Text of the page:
AUGUSTA — The Legislature’s watchdog agency reported Friday that Maine’s child protective system is hobbled by overburdened caseworkers, staffing shortages, inefficient computer systems and a lack of foster families that forces caseworkers to supervise abused or at-risk children in hotels and hospitals for long periods.

The findings, based on a survey and interviews with staff in the Office of Child and Family Services, are part of a new report to the Legislature’s Government Oversight Committee that follows the deaths of two children in 2017 and 2018.

Marissa Kennedy, 10, of Stockton Springs died in February 2018 and Kendall Chick, 4, died in Wiscasset in December 2017, both as a result of child abuse, law enforcement officials said.

An earlier report by the same investigative agency, the Office of Program Evaluation and Government Accountability, found that child protective workers failed to follow policies and procedures in assessing the placement of the girls who died. In one case, OPEGA determined there were widely scattered reports of potential abuse or neglect, but information that might have led to a reassessment of the situation and prompted intervention was not shared at critical moments.

It’s not clear what role a child protective worker’s job performance might have played in either of the two deaths, which focused intense public scrutiny on the Office of Child and Family Services. The Attorney General’s Office has asked OPEGA to refrain from releasing any details about the state’s handling of the cases, in order to avoid jeopardizing law enforcement’s investigation or prosecution of the cases.

The report details the experiences and opinions of caseworkers, supervisors and others in the child and family services office of the Maine Department of Health and Human Services. Included in the report are the results of a survey sent to all 252 caseworkers and 53 supervisors.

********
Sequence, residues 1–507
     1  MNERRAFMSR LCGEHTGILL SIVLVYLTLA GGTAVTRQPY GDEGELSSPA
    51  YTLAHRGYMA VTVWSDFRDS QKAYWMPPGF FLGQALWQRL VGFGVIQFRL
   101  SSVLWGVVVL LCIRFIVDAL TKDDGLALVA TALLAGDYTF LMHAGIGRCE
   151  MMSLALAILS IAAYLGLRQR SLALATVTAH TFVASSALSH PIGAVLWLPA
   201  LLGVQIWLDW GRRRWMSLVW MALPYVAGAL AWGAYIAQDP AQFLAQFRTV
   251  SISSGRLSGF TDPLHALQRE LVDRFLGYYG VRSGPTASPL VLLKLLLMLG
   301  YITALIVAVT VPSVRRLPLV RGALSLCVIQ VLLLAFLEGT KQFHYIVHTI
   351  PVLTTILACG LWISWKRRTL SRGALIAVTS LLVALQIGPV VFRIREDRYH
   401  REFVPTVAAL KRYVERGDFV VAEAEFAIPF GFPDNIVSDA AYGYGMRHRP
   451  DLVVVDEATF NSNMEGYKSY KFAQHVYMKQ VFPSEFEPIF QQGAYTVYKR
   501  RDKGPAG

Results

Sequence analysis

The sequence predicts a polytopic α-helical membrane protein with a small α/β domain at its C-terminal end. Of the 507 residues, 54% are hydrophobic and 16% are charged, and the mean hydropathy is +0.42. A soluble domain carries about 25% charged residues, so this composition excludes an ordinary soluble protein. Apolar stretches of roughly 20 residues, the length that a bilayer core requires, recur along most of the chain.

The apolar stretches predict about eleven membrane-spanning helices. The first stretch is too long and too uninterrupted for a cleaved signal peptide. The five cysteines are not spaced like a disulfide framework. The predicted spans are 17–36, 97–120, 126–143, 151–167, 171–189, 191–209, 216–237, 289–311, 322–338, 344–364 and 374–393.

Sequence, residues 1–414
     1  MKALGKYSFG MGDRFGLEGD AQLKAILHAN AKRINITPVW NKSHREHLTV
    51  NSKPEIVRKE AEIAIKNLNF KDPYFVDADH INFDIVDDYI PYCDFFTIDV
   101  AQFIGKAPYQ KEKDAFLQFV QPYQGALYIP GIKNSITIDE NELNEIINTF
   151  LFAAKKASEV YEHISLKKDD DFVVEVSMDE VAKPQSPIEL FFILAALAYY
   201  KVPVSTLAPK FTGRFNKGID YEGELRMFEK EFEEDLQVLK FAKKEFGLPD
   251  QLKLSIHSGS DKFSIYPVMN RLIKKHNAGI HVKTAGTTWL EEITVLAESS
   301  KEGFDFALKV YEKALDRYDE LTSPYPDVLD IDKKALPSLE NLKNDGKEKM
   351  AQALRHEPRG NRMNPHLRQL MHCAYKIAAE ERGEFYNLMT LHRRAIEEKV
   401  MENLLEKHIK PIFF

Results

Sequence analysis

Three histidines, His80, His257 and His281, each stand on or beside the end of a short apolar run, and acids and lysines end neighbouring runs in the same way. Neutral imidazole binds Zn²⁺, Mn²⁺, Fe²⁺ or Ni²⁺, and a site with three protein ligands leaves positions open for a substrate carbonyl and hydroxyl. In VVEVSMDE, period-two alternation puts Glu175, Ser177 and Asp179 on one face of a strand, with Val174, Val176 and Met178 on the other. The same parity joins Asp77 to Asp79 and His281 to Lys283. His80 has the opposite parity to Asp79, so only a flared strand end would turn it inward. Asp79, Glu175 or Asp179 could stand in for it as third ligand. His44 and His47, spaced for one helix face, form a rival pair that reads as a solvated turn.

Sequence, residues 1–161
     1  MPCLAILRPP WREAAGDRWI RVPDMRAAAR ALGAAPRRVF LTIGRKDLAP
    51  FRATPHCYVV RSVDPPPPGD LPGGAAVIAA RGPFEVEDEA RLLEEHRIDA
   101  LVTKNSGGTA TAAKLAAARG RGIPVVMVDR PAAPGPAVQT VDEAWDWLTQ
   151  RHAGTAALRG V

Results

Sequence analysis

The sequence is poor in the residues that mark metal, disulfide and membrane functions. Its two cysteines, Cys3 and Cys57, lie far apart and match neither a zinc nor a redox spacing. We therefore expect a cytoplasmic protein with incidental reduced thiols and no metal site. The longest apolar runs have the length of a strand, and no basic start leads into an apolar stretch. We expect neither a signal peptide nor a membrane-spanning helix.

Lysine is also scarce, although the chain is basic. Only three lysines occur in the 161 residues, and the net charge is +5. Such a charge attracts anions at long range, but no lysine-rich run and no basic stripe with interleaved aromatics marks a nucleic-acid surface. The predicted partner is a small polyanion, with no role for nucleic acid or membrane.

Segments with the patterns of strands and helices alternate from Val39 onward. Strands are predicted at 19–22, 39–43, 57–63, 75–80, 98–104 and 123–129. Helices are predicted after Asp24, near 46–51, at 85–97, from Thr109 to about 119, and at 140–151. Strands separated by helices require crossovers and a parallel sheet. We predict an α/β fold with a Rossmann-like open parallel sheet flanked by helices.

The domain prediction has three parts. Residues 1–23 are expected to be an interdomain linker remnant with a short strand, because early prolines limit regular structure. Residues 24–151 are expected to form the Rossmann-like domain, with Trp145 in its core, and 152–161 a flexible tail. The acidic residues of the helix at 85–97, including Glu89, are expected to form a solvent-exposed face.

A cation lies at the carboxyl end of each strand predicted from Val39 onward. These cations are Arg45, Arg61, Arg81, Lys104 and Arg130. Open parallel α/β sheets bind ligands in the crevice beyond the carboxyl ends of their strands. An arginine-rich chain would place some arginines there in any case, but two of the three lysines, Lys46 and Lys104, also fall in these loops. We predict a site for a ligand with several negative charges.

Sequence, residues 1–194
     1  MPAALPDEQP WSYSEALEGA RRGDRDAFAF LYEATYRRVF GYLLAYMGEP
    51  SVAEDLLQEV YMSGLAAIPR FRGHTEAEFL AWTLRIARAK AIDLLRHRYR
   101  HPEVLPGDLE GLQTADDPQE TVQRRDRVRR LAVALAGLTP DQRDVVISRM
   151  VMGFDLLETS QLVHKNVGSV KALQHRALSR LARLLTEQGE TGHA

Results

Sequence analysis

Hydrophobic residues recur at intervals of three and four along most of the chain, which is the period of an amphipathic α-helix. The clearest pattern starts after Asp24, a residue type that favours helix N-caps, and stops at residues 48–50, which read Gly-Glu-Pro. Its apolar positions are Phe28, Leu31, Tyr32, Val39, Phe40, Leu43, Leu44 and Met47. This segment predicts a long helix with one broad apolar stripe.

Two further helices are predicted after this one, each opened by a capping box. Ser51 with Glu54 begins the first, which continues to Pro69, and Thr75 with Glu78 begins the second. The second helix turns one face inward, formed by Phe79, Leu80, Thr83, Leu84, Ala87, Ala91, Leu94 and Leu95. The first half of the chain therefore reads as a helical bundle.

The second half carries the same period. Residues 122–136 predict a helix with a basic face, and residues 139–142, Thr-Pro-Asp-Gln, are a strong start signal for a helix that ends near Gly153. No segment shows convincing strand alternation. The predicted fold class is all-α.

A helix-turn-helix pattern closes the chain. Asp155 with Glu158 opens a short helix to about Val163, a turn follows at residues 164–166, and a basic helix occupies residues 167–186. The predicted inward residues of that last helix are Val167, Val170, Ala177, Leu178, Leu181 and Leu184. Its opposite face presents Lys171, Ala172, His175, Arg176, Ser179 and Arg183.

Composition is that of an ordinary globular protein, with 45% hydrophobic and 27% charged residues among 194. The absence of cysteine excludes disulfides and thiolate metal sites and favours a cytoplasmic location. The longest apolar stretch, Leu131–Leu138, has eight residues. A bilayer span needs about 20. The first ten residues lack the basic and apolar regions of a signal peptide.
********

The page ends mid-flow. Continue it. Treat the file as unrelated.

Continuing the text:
Investigators also interviewed a random sample of 44 people who participated in the survey to gain a deeper understanding of what frontline workers were facing.

Among the critical problems detailed in the report was a shortage of available foster parents, residential care facilities or relatives eligible and willing to take a child, especially a sibling with special needs. This compounded the agency’s ability to find adequate placements for children, the report found.

In one instance, state workers spoke of a case involving a preschool child who was housed in a hotel for 30 days after being placed in the state’s custody because no placement was available.

The report also highlighted concerns about staff shortages, mandated overtime and the requirement that workers stay in hotels and in some instances overnight in hospital emergency rooms to supervise children in state care, according to OPEGA director Danielle Fox. She presented the report to the 10-member oversight committee, which is equally split between Republicans and Democrats.

Fox said the investigation, based largely on the survey and interviews, also found that 23 of 34 caseworkers interviewed said they were required to regularly do work without pay and felt unable to take time off from work.

Sen. Justin Chenette, D-Saco, the Senate chairman of the committee, said little in the report surprised lawmakers, but it did reiterate for them the great stress and workload that child protective service workers find themselves under.

“What we heard today was analysis of what the staff felt,” Chenette said. “And what we heard from frontline workers over and over again was that they were overworked and overwhelmed. So that does impact the quality of work to protect children of the state of Maine, particularly our most vulnerable.”

Republicans on the committee said they, too, were satisfied with the report and appreciated the thoroughness of the OPEGA staff in taking a broad survey of workers.